As to the deterrence value of class actions, the critics maintain that state and federal law enforcement organizations have the ability to investigate and punish cases involving widespread small-scale fraud and offer an alternative means of addressing wrongful conduct. Private enforcement through a class action reduces the accountability of the law enforcement effort and delegates to the plaintiffs' attorney control over enforcement priorities.

As to large claim class actions, critics believe that the victims may not be fairly served. They contend that large claim cases raise concerns about the capacity of the class action format to provide individualized justice, the ability of class attorneys to effectively represent the various needs of class members, and the impact on future class members who do not, at the time of litigation, have a ripe claim (their injury is not yet apparent).

Critics argue that in these large claim cases, defendants have sought class action status as a way of limiting liability. In some cases, the parties propose a settlement before a complaint has ever been filed, suggesting the possibility of collusion between the attorneys for the two sides. Finally, defendants in mass tort class actions have an incentive to search for and negotiate with the plaintiffs' attorney for the lowest settlement amount.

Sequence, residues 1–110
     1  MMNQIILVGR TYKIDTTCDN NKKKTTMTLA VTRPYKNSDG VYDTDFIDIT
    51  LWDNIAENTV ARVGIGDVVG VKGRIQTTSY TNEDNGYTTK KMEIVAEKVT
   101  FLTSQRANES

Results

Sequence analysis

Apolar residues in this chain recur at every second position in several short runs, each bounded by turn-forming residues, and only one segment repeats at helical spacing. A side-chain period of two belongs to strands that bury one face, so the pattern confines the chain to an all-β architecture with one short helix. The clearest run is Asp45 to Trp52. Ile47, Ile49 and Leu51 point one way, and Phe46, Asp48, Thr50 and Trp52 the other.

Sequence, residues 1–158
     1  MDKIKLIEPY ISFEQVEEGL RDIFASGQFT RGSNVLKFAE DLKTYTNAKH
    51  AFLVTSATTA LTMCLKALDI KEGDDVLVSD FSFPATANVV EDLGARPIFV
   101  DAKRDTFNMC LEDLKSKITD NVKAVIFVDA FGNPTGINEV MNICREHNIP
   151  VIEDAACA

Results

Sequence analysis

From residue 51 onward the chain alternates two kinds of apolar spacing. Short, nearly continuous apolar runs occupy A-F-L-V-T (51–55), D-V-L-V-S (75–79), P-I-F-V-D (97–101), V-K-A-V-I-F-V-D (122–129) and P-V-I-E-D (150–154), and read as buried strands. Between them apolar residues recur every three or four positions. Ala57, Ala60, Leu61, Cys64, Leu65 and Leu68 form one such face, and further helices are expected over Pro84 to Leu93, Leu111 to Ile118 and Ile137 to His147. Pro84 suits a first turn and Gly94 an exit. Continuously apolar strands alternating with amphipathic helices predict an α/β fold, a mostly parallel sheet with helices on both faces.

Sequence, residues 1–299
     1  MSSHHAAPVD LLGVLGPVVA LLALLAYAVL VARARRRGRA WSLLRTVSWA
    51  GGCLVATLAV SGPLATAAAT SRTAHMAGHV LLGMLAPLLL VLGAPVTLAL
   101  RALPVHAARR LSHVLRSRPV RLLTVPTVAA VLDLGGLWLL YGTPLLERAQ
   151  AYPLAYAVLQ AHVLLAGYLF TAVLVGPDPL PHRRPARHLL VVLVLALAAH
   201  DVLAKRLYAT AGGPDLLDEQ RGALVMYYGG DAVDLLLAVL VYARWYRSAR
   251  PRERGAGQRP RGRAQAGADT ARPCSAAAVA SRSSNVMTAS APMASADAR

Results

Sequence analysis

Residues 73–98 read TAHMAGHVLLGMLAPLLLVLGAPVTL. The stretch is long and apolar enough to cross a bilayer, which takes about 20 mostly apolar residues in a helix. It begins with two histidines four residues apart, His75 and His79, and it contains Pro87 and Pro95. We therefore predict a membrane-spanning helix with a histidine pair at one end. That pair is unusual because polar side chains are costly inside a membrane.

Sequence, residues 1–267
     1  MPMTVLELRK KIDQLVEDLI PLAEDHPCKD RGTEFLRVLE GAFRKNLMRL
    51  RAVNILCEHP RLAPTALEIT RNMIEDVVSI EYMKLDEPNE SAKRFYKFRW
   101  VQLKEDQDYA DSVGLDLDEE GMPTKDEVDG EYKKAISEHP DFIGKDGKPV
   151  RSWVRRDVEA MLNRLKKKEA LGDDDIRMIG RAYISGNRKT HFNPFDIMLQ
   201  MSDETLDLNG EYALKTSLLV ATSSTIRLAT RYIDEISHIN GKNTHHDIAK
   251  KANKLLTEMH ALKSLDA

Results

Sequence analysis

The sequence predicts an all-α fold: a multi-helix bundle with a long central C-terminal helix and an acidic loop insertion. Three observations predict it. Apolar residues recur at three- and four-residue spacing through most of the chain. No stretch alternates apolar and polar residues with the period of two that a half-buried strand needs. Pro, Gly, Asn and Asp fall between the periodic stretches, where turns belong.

Critics of class actions propose that legislation and court rules be changed to give more power to the courts to examine class action applications. Courts should carefully review the applications and deny class status to small claims cases with little social value in the adjudicating the claims. Another alternative is to sharply reduce attorney fees, which would reduce the incentive for frivolous actions.


Conte, Alba, and Herbert B. Newberg. 2002. Newberg on Class Actions. 4th ed. St. Paul, Minn.: Thomson/West.

Coyle, Marcia. 2003. "Bill Targets Class Action Lawyer Fees: Sparked by Ire Over Tobacco Money. The National Law Journal 25 (May 19): 1.

Feldman, Joel S., and Keith M. Fleischman. 2002. Non-Federal Question Class Actions 2002: Prosecution & Defense Strategies. New York: Practicing Law Institute.

Schwartz, Robert Alexander. 2003. "Can Arbitration Do More for Consumers? The TILA Class Action Reconsidered." New York University Law Review 78 (May): 809–44.